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Canada's top scientists reeling from $148 million in cuts to ongoing research

Brain drain feared as US government set to pump $18 billion into science.

CAUT executive director James Turk on Parliament Hill March 3CAUT [the Canadian Association of University Teachers] continues to voice concerns over the Conservative government's underfunding of research provided through the granting councils, and the targeting of specific projects.

A furor erupted within the scientific community following the release of the federal budget in January. The Conservatives pledged $2 billion over the next two years for university and college infrastructure, with additional money provided to the Canada Foundation for Innovation. But it was also announced that research program funding provided through the three granting agencies will be cut by $148 million over the next three years.

That left many researchers shaking their heads in disbelief.

"Investments in bricks and mortar are important, but it makes no sense at all to build facilities and provide equipment but not give researchers the funding they need to do their work," says CAUT executive director James Turk.

Important programs are being eliminated because of the cuts. The Social Sciences and Humanities Research Council announced it will be ending the Research Time Stipends program which helped fund course release time for researchers, and will chop $5.6 million from health-related research.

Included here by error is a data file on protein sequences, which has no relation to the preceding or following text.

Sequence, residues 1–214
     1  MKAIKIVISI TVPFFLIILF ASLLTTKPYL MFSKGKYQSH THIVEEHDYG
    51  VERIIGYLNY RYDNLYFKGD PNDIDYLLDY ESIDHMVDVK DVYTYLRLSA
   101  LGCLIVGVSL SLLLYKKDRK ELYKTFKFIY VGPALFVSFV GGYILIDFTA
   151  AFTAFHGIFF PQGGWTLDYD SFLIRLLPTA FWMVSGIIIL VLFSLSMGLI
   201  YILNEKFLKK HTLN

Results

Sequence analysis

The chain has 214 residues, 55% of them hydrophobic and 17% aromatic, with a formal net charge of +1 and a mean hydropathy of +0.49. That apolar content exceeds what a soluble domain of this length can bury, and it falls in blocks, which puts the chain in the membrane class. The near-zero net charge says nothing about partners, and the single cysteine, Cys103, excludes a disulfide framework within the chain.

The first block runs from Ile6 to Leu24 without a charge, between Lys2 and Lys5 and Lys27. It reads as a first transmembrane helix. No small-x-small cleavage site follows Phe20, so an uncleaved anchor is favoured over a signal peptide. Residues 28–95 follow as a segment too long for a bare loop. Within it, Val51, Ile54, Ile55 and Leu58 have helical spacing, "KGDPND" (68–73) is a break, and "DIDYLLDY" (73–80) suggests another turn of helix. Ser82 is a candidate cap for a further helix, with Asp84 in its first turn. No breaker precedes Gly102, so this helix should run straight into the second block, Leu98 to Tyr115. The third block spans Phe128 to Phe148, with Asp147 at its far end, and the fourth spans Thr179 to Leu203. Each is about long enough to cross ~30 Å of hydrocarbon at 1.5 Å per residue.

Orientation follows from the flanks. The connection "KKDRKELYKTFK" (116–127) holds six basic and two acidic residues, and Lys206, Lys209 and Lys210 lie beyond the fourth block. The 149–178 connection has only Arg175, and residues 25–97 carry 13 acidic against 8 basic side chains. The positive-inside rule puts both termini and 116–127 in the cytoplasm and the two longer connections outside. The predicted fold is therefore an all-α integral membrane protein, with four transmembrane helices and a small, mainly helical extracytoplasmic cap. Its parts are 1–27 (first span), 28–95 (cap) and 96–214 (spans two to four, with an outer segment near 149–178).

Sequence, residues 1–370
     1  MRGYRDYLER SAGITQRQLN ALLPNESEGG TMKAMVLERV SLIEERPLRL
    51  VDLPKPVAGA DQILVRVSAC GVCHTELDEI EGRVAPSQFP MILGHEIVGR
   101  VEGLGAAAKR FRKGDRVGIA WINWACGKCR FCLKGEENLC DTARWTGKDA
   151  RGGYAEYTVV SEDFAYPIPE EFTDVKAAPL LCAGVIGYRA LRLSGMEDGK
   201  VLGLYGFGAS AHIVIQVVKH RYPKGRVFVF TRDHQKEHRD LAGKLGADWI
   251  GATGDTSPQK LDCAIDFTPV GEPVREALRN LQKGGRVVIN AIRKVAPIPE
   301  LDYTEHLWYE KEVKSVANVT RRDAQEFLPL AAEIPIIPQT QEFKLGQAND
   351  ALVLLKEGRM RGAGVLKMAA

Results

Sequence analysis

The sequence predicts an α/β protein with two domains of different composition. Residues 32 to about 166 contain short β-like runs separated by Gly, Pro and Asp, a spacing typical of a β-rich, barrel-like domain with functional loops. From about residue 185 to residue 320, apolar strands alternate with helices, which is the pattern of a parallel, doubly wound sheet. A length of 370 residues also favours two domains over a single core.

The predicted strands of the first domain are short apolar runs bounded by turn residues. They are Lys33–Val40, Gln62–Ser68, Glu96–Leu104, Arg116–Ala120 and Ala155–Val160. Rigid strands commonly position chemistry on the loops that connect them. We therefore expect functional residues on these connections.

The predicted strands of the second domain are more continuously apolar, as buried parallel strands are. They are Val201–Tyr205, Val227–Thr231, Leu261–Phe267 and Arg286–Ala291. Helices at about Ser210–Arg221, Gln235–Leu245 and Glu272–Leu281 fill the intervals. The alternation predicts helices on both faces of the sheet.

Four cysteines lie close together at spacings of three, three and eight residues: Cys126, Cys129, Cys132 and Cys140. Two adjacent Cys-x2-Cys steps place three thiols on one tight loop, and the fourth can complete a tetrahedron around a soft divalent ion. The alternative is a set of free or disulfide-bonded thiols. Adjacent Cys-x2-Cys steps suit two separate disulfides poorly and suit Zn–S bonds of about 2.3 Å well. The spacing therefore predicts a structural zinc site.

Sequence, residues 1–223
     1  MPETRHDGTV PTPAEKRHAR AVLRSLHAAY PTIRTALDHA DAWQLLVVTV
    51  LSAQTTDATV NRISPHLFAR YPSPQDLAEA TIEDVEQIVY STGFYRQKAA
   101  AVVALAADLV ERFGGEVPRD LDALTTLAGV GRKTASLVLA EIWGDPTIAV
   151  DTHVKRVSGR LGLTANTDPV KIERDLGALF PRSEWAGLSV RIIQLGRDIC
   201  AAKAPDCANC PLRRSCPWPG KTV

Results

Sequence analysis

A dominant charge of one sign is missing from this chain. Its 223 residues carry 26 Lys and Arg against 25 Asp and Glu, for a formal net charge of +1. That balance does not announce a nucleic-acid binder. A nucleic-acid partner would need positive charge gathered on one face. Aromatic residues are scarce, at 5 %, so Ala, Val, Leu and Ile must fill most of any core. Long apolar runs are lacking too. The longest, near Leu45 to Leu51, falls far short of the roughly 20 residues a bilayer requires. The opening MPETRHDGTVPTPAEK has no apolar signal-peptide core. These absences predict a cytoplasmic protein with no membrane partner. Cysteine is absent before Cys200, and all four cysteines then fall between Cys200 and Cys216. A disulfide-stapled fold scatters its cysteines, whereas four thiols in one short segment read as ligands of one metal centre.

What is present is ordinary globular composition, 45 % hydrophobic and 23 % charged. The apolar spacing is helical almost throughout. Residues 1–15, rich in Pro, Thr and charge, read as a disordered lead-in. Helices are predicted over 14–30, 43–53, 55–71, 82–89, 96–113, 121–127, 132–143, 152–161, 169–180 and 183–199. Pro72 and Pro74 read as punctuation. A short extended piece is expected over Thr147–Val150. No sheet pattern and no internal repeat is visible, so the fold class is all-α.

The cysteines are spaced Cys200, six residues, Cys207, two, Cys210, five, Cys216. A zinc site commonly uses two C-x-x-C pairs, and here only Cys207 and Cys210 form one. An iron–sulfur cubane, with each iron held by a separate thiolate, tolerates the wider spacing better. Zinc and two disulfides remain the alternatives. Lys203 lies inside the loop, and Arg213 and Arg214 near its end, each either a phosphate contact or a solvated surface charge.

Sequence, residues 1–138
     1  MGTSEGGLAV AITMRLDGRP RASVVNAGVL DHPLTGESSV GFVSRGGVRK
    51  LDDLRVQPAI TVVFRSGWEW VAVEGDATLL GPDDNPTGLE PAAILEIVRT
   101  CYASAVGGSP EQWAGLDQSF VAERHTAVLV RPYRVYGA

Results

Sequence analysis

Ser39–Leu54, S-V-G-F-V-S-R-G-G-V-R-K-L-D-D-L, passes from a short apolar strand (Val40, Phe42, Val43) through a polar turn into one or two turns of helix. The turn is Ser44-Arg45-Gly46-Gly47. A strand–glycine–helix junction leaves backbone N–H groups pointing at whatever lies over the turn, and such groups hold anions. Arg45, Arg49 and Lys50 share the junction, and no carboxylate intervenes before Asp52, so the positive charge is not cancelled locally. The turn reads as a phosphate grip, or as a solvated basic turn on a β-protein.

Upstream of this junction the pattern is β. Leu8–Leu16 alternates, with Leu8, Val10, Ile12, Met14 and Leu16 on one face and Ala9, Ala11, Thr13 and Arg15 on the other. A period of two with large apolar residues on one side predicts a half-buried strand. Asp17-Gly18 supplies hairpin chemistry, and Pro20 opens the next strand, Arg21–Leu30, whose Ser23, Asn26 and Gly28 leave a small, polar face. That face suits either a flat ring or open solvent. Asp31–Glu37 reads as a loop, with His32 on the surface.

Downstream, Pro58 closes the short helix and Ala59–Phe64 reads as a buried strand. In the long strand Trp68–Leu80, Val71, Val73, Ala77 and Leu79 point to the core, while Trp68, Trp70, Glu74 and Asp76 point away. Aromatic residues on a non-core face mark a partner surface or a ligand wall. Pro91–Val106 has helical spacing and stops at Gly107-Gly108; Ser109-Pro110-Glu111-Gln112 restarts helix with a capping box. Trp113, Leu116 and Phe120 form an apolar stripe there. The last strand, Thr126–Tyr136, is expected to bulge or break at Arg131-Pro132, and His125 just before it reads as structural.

The Natural Sciences and Engineering Research Council is eliminating the Centres for Research in Youth, Science Teaching and Learning, University Faculty Awards, the Research Capacity Development program, the Special Research Opportunity program and the Intellectual Property Mobilization program. In addition, NSERC is limiting its postgraduate scholarships award to one year and tightening restrictions on projects funded under the Major Resources Support program.

Meanwhile, the Canadian Institutes of Health Research is ending its Intellectual Property Mobilization program and the Open Team Grant Program.

Gordon Keller, head of the University of Toronto's McEwen Centre for Regenerative Medicine and a recipient of a CIHR team grant, says researchers can't afford to lose these programs.

"These are very important programs because it allows groups of investigators to come together to address a common question," he said in an interview with the Globe and Mail.

Others have warned that the absence of any new commitments means funding is about to run out for a range of facilities and agencies, including the Polar Environmental Atmospheric Research Lab and the Canadian Foundation for Climate and Atmospheric Sciences. No new funding for Genome Canada, the agency that supports large-scale science, means some scientists could run out of money by the end of this year.

"I think we're seeing very clearly that the government just doesn't understand the value of basic research," CAUT's Turk says. "I'm afraid we're in real danger of losing many of our researchers, particularly when you have the Obama administration set to pump $18 billion into research in the United States." . . .

To read further, please click on the link below. . .

Links and sources
  CAUT Presses Government on Budget Research Shortfall, CAUT Bulletin, March 2009
  Neuroscientists fear brain drain as crucial funding disappears, by Anne McIlroy, Globe Campus, March 11 2009
  Nobel scientist criticizes Tories over funding, by Ian Bailey, Globe Campus, January 31 2009
  Nation's credibility on the line, scientists warn, by Carolyn Abraham, Globe Campus, January 30 2009

Posted: March 16, 2009

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